Wednesday, September 03, 2008

Crasnick's Free-Agent Grades Flunk Jones; Dodger Fans Hope Against Repeat Year

From Jerry Crasnick's latest column, grading last year's free-agent classes on their 2008 seasons to date: Andruw Jones' F grade doesn't mean he has to do the 2008 season over again next year, right?

Andruw Jones, CF, Dodgers
.161 BA, 3 HR, 14 RBI, .514 OPS
Contract: Two years, $36.2 million | Grade: F

The Dodgers knew they had a reclamation project on their hands when they signed Jones. But they were hoping for a little more than a .161 batting average, a .254 slugging percentage and 14 RBIs in 205 at-bats.

"He's a total bust," said a National League scout. "What else can you say?"

A West Coast scout who's watched Jones crush some balls in batting practice this season is convinced he has something left in the tank. But a year this horrid makes you wonder if Jones isn't finished at age 32. Compared to Jones, Roberto Alomar enjoyed a graceful descent into oblivion.

"Andruw is one of those fabulous athletes who never struggled," the scout said. "He would just do things because he could do them. He didn't have to analyze them. Then his mechanics got bad, and he got heavy, and he spent so much time hitting on his back leg that he hurt his knee."

The Dodgers just recalled Jones from Triple-A Las Vegas, where he spent some time at first base. For some reason, we suspect James Loney won't have to worry about losing many at-bats down the stretch.

And look at the other centerfielder who got away, the Angels' Torii Hunter:

Torii Hunter, CF, Angels
.283 BA, 19 HR, 71 RBI, .824 OPS
Contract: Five years, $90 million | Grade: B

Was $90 million a stretch for a player who entered this season with a career .793 OPS? We'll buy that. Hunter, an inveterate free swinger, ranks seventh among big league center fielders in slugging and 12th in on-base percentage this season. If he really were the big bat the Angels needed to complement Vladimir Guerrero, general manager Tony Reagins wouldn't have had to go out and acquire Mark Teixeira before the deadline.

That said, Hunter has done his part to help the Angels salt away the AL West. He played through heartache after the death of his grandmother back home in Arkansas, and stepped forward as the team's resident energizer, media go-to guy and goodwill ambassador. Hunter has already begun working on Teixeira to spurn free agency and sign a long-term deal to stay with the Angels. If he can enlist Scott Boras in the effort, then we'll start paying attention.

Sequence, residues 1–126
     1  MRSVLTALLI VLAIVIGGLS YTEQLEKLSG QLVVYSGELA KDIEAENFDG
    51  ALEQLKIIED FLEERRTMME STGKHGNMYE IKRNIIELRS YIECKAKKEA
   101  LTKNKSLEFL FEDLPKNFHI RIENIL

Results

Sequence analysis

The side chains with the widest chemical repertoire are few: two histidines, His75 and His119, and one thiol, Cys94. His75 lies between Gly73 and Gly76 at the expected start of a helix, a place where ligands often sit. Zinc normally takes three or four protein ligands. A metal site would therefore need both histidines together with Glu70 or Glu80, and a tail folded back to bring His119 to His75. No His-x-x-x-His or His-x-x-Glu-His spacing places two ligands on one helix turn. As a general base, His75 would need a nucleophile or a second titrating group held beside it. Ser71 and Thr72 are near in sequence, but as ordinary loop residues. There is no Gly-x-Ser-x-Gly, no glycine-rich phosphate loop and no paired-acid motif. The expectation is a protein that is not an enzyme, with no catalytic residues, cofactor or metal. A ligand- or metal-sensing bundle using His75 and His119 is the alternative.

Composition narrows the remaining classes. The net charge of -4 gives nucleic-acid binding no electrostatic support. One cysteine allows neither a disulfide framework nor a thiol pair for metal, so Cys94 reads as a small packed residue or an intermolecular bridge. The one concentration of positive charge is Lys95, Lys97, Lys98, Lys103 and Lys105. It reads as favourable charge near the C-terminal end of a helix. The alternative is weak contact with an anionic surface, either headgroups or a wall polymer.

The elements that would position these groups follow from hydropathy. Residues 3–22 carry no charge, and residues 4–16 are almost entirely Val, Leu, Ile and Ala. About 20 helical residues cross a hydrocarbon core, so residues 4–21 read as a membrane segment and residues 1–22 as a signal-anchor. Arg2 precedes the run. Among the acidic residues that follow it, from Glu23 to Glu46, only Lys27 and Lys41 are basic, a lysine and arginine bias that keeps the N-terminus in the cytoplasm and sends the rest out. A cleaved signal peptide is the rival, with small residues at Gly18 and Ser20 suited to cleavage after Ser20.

Although the defensive metrics show that Hunter has lost a step at age 33, he's still a presence with the glove. After Hunter robbed Texas' Marlon Byrd and Hank Blalock of home runs in consecutive games last weekend, Kevin Baxter of the Los Angeles Times wrote that he's turned center field at Angels Stadium into "the place home runs go to die."

Aaron Rowand, picked up by the Giants this off-season for a staggering 5-year, $60M deal, got a B-. And so did tonight's starting pitcher, the Dodgers' Hiroki Kuroda (which I think is a little low):

Hiroki Kuroda, RHP, Dodgers
7-10, 3.87 ERA, 2 CG, .246 BAA
Contract: Three years, $35.3 million | Grade: B-

You'd probably rank Kuroda higher if you saw his masterful 3-0 complete game against the Cubs on June 6, or his one-hit shutout over Atlanta a month later. If you watched him get pounded by Arizona and San Francisco in July, this grade might be considered generous.

Scouts say the same thing about Kuroda that they said about Daisuke Matsuzaka a year ago: He has so many pitches in his repertoire, sometimes he appears to have trouble winnowing down his options.

"His stuff is real good," said a National League scout, "but once he gets some guys on base, it's kind of like he falls apart. He either gets you out 1-2-3 or gives up a bunch of runs. As somebody once described it, he's one of those guys who 'doesn't struggle well.'"

The statistics bear out that observation: Opponents are batting .212 against Kuroda with the bases empty and .300 with runners on base. He either needs to work on his stuff out of the stretch or concentrate less on the surrounding traffic and more on the catcher's mitt.

Nevertheless, Kuroda has thrown a quality start 62 percent of the time -- the same ratio as Carlos Zambrano, Ted Lilly and Matt Cain. His 7-10 record won't wow anyone, but the Dodgers have scored a total of 23 runs in his 10 losses.

And keep in mind that Kuroda has had to adjust to a whole new culture and learn new hitters and ballparks on the fly. Matsuzaka has been better his second time around, and the Dodgers have reason to believe it will be the same for Kuroda in 2009.